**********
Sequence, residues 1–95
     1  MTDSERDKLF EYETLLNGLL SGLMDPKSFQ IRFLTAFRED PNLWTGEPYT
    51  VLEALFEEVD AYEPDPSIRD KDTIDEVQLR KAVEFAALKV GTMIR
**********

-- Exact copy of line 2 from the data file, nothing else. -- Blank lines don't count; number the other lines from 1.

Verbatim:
     1  MTDSERDKLF EYETLLNGLL SGLMDPKSFQ IRFLTAFRED PNLWTGEPYT